Camping Gear for Bicycle Touring

Flight booking


On this page, you’ll find the gear we take when bicycle touring. We originally started with a lot more stuff on our Cycling Tour Across Australia. On subsequent tours, we cut it down significantly. And on our latest tour along the Rhine route, we’ve decided we need a few more things to save us money overall. Below you’ll find descriptions and links to our:

    • Tent & Accessories
    • Cooking Gear
    • Sleeping and Sitting Gear
    • Bits and Pieces to make life easier.

Note: The links on this page all go to Amazon. If the product is unavailable in your region, Amazon will offer you similar items. If you access Amazon by clicking one of these links and then make ANY purchase (it doesn’t need to be the products on this page), we get a small commission. See our disclaimer at the bottom of this page and a more comprehensive explanation HERE

Tent & Accessories

Vango, Vango, Vango!!!

Honestly, we can’t talk highly enough about the two Vango tents we’ve had.

The first was a Vango Sabre 200 TBSII 2-person hiking Tent. It was still perfect when we gave it away last year and bought our new one. The only problem we had is we are getting too old and achy to get in and out the low door. Other than that, it was fabulous for over eight years. Light, watertight, no condensation, and spacious enough to hide all our panniers in camp. Unfortunately, they don’t make that model anymore, but you can find somewhat similar models like the Banshee on their page.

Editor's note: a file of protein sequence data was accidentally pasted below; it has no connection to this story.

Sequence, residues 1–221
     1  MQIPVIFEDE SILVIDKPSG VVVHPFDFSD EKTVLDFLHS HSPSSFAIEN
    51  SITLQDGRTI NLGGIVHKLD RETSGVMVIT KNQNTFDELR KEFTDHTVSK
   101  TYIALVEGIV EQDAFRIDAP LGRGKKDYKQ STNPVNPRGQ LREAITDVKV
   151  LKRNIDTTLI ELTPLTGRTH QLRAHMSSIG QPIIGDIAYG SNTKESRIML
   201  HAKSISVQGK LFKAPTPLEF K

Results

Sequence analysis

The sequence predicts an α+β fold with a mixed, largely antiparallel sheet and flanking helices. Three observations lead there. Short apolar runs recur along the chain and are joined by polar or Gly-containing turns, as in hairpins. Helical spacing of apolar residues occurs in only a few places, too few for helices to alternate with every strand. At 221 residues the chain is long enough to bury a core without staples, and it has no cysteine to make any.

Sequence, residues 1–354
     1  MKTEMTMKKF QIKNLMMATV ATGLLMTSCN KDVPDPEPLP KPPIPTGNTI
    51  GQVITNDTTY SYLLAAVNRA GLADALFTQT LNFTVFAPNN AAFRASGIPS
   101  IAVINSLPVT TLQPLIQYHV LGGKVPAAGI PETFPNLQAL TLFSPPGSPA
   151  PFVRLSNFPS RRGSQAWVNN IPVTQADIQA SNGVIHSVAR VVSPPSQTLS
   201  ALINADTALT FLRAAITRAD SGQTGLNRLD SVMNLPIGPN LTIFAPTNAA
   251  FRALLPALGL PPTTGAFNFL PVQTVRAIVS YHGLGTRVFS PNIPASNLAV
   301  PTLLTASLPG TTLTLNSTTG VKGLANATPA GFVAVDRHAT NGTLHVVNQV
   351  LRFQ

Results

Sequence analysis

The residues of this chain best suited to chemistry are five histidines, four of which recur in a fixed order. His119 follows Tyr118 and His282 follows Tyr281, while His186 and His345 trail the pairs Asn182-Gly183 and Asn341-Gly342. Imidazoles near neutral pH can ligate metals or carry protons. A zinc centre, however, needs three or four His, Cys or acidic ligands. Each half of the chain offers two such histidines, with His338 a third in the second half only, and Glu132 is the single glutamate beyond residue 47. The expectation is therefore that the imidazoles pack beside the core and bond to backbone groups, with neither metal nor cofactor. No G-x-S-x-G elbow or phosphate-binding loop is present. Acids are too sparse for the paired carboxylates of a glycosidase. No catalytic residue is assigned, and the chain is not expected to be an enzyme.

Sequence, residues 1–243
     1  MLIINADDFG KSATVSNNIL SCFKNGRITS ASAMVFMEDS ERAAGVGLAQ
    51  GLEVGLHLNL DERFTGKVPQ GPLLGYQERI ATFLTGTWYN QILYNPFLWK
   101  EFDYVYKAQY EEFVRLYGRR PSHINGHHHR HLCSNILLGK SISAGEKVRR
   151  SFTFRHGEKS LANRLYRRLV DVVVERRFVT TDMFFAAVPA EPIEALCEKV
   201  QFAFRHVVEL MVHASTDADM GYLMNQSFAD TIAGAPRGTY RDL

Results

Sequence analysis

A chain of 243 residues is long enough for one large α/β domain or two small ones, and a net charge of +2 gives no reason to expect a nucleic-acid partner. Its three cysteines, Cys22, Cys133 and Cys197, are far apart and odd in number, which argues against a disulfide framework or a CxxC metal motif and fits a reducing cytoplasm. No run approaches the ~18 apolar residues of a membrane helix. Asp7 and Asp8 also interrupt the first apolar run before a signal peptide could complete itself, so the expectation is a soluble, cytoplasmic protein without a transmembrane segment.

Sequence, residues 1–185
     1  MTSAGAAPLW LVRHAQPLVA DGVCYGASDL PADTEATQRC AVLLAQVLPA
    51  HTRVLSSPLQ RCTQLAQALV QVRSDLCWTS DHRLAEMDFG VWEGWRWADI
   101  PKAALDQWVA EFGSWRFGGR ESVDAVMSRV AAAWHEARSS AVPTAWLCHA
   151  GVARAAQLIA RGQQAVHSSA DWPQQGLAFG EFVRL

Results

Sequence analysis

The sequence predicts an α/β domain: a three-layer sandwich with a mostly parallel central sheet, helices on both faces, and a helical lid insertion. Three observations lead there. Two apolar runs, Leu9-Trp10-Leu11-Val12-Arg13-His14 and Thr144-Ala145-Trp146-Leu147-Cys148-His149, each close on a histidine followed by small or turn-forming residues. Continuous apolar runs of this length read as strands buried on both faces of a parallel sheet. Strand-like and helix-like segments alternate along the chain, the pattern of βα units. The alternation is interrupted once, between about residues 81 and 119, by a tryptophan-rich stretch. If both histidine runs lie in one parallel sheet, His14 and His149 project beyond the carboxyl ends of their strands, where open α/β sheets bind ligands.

Our new one is the Vango Scarfell 300. It has soooo much space and is only slightly heavier. We LOVE IT!

Check out the Vango range of tents on Amazon HERE.

Cooking Gear

Rockies Road Trip

Optimus Crux Lite Camping/Hiking Stove

Our Optimus Crux lite has been on every tour (except Vietnam, where we didn’t take camping or cooking gear) since our first ride in 2013 across Australia, and it’s still going strong. At less than 200g, it packs enough punch to boil things quickly and enough adjustment so you can simmer things when cooking. It’s also far cheaper than many other lightweight camping stoves.

You can check out the specs and prices on Amazon HERE.

GSI Outdoors Bugaboo Base Camper – small 2-person cookset

I have to admit; the whole set is a bit much for bicycle touring. We ditched the frying pan pretty quickly. Having two saucepans was brilliant, but we recently ditched the larger one to save weight for an international flight. Honestly, that was a BIG MISTAKE. The saucepan we still have is great after 10+ years and six long tours. It’s reasonably priced, & good quality. Highly recommended. 

Check out the specs and prices on Amazon HERE.

Collapsible Bowl (s)

This 1200 ml collapsible bowl weighs just 210 g and collapses down for easy packing. It’s big enough for a small salad or pasta dish for the two of us.

We’ve also replaced our previous solid bowls/plates with two smaller collapsible containers with lids for both eating and storage.